Crossing the Globe


Japan and Globaligration

Into the Hill Tribes of Vietnam

Ali and Me

Return To Sender

Yo Estoy Aqui

There and Back

Open Letter

Into the Hill Tribes of Vietnam

Julian Bailey

Prior to arriving in Vietnam last week, several of our discussions and readings in class gave us a good idea of the history and current trends in migration patterns. We learned that Vietnam has historically been a country that predominately sends migrants to other countries rather than receiving due to its political unrest and subjectivity to war. Due to these trends, we were made aware that Vietnam may be one of the most difficult countries to observe migration patterns. As most of the class found this to be true, I had a completely different experience.

Upon my arrival in Vietnam, I traveled 9 hours with my father into the northern highlands to stay with a White Thai Hill Tribe. The point of this trip was to observe small, village culture in rural Vietnam, however it revealed great insight to migration and ethnic diversity in Vietnam. According to the book of “Vietnamese Ethnography” published by the Museum of Ethnography in Hanoi Vietnam, there are 53 foreign tribes that reside in Vietnam. Our guide revealed physical observation techniques to identify tribe diversity within the Hill Tribes. For instance, members of the Black Thai Tribe eat berries that turn their teeth red, however the White Thai Tribe doesn’t. Also the women of the Black Thai Tribe where blouses that button all the way to their necks, where as the White Tribe doesn’t. Members of the Hill Tribes tend to have settled in the highlands centuries ago and diversify themselves in regards to agriculture, clothing, funerary practice, and language.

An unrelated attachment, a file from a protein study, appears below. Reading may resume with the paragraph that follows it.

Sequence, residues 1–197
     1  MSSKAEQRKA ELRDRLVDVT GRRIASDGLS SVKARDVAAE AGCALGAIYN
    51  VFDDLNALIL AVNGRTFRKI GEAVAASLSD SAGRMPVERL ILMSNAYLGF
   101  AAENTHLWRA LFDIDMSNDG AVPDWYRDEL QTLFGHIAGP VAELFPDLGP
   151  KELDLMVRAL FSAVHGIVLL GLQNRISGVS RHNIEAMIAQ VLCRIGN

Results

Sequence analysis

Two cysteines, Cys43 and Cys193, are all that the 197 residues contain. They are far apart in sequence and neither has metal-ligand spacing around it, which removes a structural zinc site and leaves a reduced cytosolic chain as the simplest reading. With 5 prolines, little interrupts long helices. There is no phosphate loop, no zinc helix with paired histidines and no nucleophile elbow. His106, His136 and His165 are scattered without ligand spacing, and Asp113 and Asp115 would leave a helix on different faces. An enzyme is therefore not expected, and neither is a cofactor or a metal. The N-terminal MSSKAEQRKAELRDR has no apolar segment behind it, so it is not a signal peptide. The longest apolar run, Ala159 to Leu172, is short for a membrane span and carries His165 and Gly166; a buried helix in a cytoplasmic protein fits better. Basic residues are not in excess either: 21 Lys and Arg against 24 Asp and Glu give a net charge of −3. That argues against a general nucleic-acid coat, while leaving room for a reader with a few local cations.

According to the World Refugee Report of 2005, Vietnam is currently ranked as the 10th greatest sender of refugees worldwide. Although the country is no longer involved in war, there are still citizens of that country who desire to live outside of Communist Regime. 305 500 refugees are in search of asylum in countries they feel will provide them more freedom.
Although the statistics shown in the World Refugee Report communicate that Vietnam is predominantly migrant sending, I had a special opportunity to experience first hand a culture that had migrated to the Vietnamese highlands centuries ago. As outlined in our class discussions, many of the students had difficulty observing migration, however I feel fortunate to have been exposed to such localized diversity.


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